A flat roof is ideal, although other types of roof may be possible to utilise as long as the slope is not too severe.

Benefits of living walls

Whereas roofs are often not a visible feature from the ground level, we are more aware of walls in our towns and cities. Living walls utilise plants in order to derive benefits, not only in visual terms, but also in regard to biodiversity, thermal efficiency and the reduction of pollutants. By providing shading from the sun, living walls can significantly reduce the external temperature of a building. Living walls can also provide a certain amount of insulation, although the effectiveness of this will depend on the type and structure of the living wall and the overall energy performance of the building itself. Living walls can also help reduce the urban heat island effect by intercepting heat which would otherwise be largely absorbed and radiated by the building surfaces back into the surroundings. They also help to shield the surface from ultra-violet light, which could be an important consideration for some modern cladding materials.

Plants on buildings can potentially provide a food source for invertebrates on which, in turn, other invertebrates, bats and birds may feed. They also provide a breeding and nesting habitat for invertebrates and birds, and are ideal for including ready-made nest boxes.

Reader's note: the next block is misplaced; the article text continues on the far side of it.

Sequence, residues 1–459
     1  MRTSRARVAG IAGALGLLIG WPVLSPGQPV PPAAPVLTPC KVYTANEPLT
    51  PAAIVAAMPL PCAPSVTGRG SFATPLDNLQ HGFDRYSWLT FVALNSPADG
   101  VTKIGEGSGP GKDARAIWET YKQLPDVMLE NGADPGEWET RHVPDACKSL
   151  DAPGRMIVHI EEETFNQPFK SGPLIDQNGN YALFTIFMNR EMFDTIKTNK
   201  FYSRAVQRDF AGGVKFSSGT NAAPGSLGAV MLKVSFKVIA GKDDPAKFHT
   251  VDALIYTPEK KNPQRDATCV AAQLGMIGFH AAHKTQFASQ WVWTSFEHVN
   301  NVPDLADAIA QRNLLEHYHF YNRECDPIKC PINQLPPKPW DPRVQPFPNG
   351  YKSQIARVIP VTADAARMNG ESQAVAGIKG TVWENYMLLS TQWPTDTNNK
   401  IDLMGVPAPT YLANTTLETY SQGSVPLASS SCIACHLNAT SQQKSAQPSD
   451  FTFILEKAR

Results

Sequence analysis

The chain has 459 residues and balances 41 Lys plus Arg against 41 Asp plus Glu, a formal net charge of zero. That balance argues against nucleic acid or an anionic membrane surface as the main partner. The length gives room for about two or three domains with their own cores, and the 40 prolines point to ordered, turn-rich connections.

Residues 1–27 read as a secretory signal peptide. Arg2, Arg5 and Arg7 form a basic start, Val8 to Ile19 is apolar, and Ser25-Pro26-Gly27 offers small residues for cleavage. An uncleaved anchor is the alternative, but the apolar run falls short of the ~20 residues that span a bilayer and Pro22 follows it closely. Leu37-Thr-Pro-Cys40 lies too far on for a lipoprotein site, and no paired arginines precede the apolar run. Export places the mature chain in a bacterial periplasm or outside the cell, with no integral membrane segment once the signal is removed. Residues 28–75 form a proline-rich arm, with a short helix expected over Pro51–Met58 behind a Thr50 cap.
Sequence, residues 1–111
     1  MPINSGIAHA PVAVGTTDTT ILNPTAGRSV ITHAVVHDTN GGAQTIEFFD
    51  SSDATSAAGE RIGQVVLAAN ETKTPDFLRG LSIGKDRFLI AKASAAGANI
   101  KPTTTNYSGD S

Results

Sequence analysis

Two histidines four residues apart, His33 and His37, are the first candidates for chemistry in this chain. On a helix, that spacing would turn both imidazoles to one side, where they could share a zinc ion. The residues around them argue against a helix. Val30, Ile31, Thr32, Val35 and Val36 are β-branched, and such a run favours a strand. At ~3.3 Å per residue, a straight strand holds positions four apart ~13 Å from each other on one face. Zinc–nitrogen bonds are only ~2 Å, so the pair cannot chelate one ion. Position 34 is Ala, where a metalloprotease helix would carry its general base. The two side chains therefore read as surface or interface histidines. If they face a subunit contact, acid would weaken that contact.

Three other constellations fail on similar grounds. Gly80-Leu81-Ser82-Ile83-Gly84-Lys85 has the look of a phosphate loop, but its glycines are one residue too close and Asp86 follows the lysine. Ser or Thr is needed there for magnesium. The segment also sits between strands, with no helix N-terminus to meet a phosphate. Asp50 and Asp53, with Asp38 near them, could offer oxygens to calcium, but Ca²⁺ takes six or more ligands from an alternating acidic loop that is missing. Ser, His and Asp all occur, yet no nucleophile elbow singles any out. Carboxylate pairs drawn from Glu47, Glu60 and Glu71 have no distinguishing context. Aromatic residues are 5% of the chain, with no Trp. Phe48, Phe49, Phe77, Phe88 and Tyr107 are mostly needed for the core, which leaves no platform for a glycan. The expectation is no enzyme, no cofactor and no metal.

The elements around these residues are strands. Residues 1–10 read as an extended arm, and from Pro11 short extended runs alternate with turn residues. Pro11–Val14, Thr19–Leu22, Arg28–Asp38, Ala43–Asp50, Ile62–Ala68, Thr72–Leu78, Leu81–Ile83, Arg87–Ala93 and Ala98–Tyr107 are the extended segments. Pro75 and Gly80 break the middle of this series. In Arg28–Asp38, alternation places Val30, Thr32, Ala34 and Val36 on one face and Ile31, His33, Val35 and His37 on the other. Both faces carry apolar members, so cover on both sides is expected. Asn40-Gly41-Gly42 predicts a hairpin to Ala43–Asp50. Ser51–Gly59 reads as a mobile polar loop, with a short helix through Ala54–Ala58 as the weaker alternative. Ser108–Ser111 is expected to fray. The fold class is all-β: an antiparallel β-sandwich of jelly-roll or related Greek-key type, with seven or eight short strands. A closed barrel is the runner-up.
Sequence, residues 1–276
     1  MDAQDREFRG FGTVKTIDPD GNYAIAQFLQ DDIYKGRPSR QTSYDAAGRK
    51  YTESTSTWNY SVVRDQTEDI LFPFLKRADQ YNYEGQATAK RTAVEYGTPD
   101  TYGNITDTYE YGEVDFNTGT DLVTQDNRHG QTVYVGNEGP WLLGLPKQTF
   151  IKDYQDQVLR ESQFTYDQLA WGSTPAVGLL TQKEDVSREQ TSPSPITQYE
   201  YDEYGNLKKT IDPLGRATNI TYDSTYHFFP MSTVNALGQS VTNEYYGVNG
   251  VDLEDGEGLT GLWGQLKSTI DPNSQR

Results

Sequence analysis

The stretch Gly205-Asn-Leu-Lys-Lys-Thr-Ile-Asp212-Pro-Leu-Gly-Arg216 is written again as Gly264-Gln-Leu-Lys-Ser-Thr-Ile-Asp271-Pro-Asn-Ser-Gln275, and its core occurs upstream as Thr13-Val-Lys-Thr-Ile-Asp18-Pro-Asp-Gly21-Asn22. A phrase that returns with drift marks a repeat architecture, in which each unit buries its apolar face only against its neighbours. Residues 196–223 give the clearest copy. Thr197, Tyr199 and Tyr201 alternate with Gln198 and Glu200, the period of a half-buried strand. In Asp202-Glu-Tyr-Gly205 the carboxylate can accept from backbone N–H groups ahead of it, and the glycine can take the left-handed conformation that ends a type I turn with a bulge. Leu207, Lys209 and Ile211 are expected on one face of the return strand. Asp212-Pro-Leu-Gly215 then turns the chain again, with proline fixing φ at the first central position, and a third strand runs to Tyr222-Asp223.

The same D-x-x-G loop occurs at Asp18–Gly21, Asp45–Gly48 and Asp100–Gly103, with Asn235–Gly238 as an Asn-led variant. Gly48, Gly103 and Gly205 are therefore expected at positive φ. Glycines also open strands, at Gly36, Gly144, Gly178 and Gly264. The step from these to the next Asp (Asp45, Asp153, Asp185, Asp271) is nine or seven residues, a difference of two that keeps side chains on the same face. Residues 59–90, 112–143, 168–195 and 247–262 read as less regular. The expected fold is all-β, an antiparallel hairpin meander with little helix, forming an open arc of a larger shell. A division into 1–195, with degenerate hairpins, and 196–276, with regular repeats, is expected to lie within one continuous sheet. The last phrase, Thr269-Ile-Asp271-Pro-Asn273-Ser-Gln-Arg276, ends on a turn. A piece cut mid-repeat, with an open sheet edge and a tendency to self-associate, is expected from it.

Types of living wall

As with living roofs, there is nothing new in the concept of using plants to green buildings, but in recent years a variety of modern designs and techniques have been developed. Living walls can be separated into a number of categories that include:

Living roofs and walls - Sustainability article from NBS
  • Supported by a wall self-supporting climbers
  • Supported by a structure on a wall trellis, etc.
  • Supported by a self-standing structure away from a wall frameworks, etc.
  • Hanging walls allowing plants to hang from a height
  • Walls with plants growing within them.
Considerations in the use of living walls

The use of planted climbers, either self-supporting or in some way trained against a wall or similar structure, is not a new idea and, as long as the choice of plant is wise for the position and soil type, then it is a tried and tested way of greening a wall. The techniques used where the planted material is supported within the wall structure is not so well understood and some of the earlier designs of planted walls have declined over time, with the occasional outright failure. This is not to say that green walls are high risk, but it is prudent to ensure that an experienced practitioner is consulted and that an understanding of any need for ongoing maintenance is acknowledged if the plants are not rooted in the ground.

A great deal more information can be found on the following websites:

Find out more

The built environment has the potential to have a major impact on biodiversity, not least with the increasingly demanding requirements to design more energy efficient and airtight buildings, leaving less space for species to inhabit. Up until the publication of this book, there was no one place where architects, developers, consultant ecologists, and all those involved in low and zero carbon buildings could find out about how to incorporate provision for biodiversity within their developments.

In this groundbreaking book, author Dr Carol Williams has specially commissioned architects to produce some much needed model designs and practical guidance for the industry. The book also provides a useful summary of all the legislation and regulations relating to biodiversity and sustainable construction in the UK.

To order a copy of this book, please visit RIBA Bookshops .